Kelebrar wrote:Megistone wrote:I'd rather add an entry in the initiative table (like: "Tom's Frightened condition ticks down" at initiative count 12, while Tom has delayed to count 3 or maybe into the next 'round', acting at count 19) than put a nonsensical limit to the players' actions.
It is not a nonsensical limit to the players' actions. It simply is a different abstraction of the round structure. And many games implement a similar abstraction.
You can prefer one or the other, but why call it nonsensical?
There is no in-game explanation for that, that's why I call it nonsensical. The 'end of a round' as the moment where the initiative count resest is a concept that is completely out-of-game.
You have A, B and C acting in this order.
A could delay to act after B and before C, B could do the same and act after C and before A, but C absolutely can't: it either acts now, or they miss a whole round. Why can't it just wait for a little bit, and must do it in 6 seconds increments only, while the others can instead?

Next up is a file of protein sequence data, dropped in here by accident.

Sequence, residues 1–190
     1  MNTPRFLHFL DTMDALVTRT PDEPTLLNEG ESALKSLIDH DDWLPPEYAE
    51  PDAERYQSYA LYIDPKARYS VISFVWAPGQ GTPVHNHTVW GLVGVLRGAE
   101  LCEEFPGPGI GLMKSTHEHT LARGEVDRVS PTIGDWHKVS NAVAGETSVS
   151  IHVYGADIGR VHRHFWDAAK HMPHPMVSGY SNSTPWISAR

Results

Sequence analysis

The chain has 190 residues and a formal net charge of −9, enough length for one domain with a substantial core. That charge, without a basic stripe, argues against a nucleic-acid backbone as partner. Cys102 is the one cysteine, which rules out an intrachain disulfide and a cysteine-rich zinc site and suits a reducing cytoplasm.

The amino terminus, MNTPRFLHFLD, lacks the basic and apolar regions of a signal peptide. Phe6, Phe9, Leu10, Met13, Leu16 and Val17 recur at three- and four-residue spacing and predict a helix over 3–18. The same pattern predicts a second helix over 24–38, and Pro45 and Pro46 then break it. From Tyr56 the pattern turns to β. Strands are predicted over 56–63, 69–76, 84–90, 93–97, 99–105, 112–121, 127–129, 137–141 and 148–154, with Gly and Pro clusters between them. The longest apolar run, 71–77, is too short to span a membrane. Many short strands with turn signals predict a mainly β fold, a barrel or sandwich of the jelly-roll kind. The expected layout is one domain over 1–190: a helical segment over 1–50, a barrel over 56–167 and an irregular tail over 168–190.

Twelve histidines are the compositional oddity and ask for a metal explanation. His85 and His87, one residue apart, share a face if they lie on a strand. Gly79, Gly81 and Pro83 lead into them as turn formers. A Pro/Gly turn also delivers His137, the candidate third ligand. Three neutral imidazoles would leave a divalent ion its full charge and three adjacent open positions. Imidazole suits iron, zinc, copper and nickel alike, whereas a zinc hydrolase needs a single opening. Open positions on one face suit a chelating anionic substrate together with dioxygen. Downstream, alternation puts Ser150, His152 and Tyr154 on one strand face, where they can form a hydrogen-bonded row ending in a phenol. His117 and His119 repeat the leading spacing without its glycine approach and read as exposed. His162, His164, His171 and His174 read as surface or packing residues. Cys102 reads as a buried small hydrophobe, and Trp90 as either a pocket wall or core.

C can't delay because is last in initiative order. This is a disadvantage to be low in initiative order. If A "Delay" after C, then C can "Delay" in subsequent rounds.
Whit this abstraction, a round is just a self-contained amount of time (6 seconds in this case) in which you partition the continuous flux of action, and the iniziative just determine in which order the actions happen in this 6 seconds. If you have high initiative, you have the possibility to wait for the right moment to strike, if you have low initiative, you have lesser control on when you act (but you can't use this advantage repeatedly, because using it you will lower your initiative, giving eventually this advantage back to your foe). You resolve this 6 seconds completely, before proceed to the next 6 seconds.
Many excellent RPGs use a similar concept.